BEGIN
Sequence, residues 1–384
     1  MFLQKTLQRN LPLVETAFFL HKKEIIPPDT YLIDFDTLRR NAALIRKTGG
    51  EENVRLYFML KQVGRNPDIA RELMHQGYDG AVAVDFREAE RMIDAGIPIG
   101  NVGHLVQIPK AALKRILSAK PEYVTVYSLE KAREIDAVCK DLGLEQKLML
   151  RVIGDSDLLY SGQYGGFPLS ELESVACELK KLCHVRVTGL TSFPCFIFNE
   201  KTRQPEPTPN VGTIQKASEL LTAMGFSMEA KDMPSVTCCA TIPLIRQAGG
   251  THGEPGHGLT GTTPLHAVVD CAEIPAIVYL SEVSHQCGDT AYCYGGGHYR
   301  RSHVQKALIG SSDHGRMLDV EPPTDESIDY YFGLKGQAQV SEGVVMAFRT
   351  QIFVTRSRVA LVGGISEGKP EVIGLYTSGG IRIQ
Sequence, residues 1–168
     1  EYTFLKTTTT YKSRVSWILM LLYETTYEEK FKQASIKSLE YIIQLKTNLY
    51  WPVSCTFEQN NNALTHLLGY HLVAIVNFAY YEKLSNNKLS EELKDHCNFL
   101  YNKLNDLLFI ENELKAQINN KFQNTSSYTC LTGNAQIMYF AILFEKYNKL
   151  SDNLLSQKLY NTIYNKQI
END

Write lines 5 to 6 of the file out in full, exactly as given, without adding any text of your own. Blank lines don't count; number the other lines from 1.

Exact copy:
   151  RVIGDSDLLY SGQYGGFPLS ELESVACELK KLCHVRVTGL TSFPCFIFNE
   201  KTRQPEPTPN VGTIQKASEL LTAMGFSMEA KDMPSVTCCA TIPLIRQAGG